Lenovo's Yoga Book was received well by the internet, with many praising its unique and innovative design, but criticizing the software. The Chinese company is back again with a new Android tablet that builds on the Book's success, the A12, with a larger screen and a modified version of Android on board.
The A12 has a 12.2-inch screen, with an Intel Atom x5 chip, 2GB RAM, and 32GB storage inside. Sadly, there's no pen input here, and no option for Windows 10 or Chrome OS. However, the key draw is the halo keyboard pioneered on the Yoga Book, and the now-expected 360° hinge.
Lenovo's initial Yoga tablets were novel thanks to their curved chassis with plus-sized batteries and integrated kickstands, but the lackluster specs (headlined by MediaTek processors) turned a lot of hardware fans off. The refreshed version of the 10-inch Yoga fixed that with a slightly better Snapdragon 400, 2GB of RAM, and a 1920x1200 screen. You can pick up a Yoga 10 Tablet HD+ for $100 off from Amazon, bringing the price down to a more reasonable $249.99.
The extra junk in the trunk from the case gives the Yoga a three-stage kickstand that folds up when not in use, not to mention a little extra space for stereo front-facing speakers and a 9000mAh battery.
Regular slate tablets are not for you. No sir/ma'am, you demand flexibility and utility from your electronics. Lenovo's Yoga line might be more accommodating for your needs, since it uses a unique chassis that combines a kickstand, an ergonomic handle, a massive battery pack, and a pair of stereo speakers into one bulbous side of the device. Today's Best Buy deal of the day is the 8-inch Yoga Tablet, on sale for $70 off.
That still makes the Yoga Tablet 8 $179.99, which is a bit of a tough sell for a device with a 1.2Ghz Mediatek processor, 1GB of RAM, and a pedestrian 1280x800 screen, putting it at about the same technical level as the original Nexus 7.
My love of devices with built-in kickstands is well-documented. So it's no surprise that Lenovo's Yoga Tablet line, which is more or less built around the kickstand (or at least a big, rounded, multi-purpose hump that holds the kickstand and several other neat things) would catch my attention. The first versions were brought down by sub-par hardware, but Lenovo is back with the Yoga Tablet 10 HD+, which addresses a lot of the issues with the original.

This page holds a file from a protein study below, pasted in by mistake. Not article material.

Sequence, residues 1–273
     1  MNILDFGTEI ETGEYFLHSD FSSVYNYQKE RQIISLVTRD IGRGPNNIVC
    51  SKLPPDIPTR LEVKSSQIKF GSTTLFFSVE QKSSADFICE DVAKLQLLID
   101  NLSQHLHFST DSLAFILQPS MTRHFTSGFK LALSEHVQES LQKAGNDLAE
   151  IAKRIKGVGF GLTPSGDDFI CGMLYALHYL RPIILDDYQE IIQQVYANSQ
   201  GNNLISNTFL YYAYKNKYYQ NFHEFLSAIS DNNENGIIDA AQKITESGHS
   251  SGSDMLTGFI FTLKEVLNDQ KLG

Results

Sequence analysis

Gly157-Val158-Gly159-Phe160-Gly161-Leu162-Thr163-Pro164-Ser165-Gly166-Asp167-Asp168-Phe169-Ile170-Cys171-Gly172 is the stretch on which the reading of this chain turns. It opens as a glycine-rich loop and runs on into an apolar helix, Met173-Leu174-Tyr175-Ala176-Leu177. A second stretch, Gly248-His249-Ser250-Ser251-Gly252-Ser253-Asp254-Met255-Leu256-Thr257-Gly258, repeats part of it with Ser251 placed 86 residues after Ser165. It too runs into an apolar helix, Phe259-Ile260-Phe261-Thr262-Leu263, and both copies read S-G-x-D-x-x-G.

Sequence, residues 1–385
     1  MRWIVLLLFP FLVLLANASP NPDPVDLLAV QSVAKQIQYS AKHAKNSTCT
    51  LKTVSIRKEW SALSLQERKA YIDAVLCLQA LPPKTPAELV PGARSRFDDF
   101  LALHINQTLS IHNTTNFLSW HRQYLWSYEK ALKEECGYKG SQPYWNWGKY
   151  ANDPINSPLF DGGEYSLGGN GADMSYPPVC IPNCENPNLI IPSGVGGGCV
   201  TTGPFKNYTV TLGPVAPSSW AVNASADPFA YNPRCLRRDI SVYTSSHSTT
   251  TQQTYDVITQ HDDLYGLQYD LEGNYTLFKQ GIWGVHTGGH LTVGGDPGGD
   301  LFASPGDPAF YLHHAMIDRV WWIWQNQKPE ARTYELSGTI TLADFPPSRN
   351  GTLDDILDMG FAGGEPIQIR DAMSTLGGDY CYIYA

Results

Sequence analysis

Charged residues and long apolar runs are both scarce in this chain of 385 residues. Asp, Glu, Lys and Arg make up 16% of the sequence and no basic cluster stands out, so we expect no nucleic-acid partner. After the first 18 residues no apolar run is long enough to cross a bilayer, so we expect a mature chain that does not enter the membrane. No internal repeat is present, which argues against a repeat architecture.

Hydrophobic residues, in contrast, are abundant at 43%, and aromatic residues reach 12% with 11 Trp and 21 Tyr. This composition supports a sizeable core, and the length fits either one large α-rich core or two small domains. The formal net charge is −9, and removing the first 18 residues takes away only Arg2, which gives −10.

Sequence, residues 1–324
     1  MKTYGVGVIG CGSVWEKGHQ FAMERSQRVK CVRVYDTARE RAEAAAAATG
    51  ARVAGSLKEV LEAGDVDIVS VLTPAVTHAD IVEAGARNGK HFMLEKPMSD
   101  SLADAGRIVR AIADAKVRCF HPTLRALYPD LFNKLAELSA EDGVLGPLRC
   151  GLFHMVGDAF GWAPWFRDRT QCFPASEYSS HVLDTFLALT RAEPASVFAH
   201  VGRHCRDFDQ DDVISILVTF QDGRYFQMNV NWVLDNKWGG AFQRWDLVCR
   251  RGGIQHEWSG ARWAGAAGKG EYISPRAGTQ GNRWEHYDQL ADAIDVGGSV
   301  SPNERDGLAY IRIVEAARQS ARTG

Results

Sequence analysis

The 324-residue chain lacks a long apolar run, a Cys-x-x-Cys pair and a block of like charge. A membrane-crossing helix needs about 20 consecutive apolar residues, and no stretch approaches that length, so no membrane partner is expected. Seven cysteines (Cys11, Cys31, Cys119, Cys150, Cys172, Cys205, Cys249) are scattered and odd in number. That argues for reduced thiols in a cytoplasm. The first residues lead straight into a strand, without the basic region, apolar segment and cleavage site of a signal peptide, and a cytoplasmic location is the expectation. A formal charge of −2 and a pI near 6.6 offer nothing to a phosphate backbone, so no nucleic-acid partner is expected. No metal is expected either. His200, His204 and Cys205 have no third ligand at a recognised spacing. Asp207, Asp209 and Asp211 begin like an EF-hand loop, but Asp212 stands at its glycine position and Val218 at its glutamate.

First and most importantly, the device gets a considerable specification boost. The screen is now a full 1920x1200 panel, which has become more or less a must have when you're selling a full 10-inch tablet.
In a world where almost all tablets are boring black slabs, Lenovo is trying to make some headway with a different design. Now you can experience Lenovo's take on the tablet for $60 less than usual – the Yoga Tablet 8 is on sale for $189.99 at Best Buy today only. That's better than the last such deal.
The Yoga Tablet 8 has a neat little stand that can be used to prop it upright or position it at a comfortable incline. It's an interesting approach and would probably make for a very good kitchen tablet. The specs won't exactly rock your world, though.
Want a sweet deal on a Lenovo tablet? Well even if you don't, Best Buy is offering it, so pass this on to someone who does. Best Buy is offering significant discounts on both the unique Yoga Tablet 8 and the more conventional IdeaTab S6000. For today only, the 8-inch Yoga is $199.99 on the online store, a full $50 off. That's even better than the Lenovo perks site. The 10-inch S6000 is $239.99, $40 off of retail. Both are offered with free shipping or in-store pickup.
The Yoga Tablet is the more interesting choice here, thanks to its unique curved form factor and integrated kickstand that folds right into the body.
The ranks of Android tablets continue to swell, and for the first time Lenovo is making a play for some market share. Granted, it's coming in at the low end of the market, but the new Yoga tablets are on sale through the company's corporate perks site with some solid discounts.
Tablets are in a bit of a rut as far as form factors go. Aside from ASUS' Transformer models and imitators, they're basically all monolithic slates with very little in the way of variation. Lenovo is trying to buck that trend with its new Yoga tablet line, which borrows the name from the company's flexible and well-received convertible laptops. These tablets feature an exaggerated curve on one side of the case (sort of like a more pronounced version of the Notion Ink Adam). The tablet hits retailers tomorrow in 8 and 10-inch versions.
The curve has multiple functions, according to Lenovo: it works as a handy reversible grip in portrait mode and props up the tablet when it's lying flat.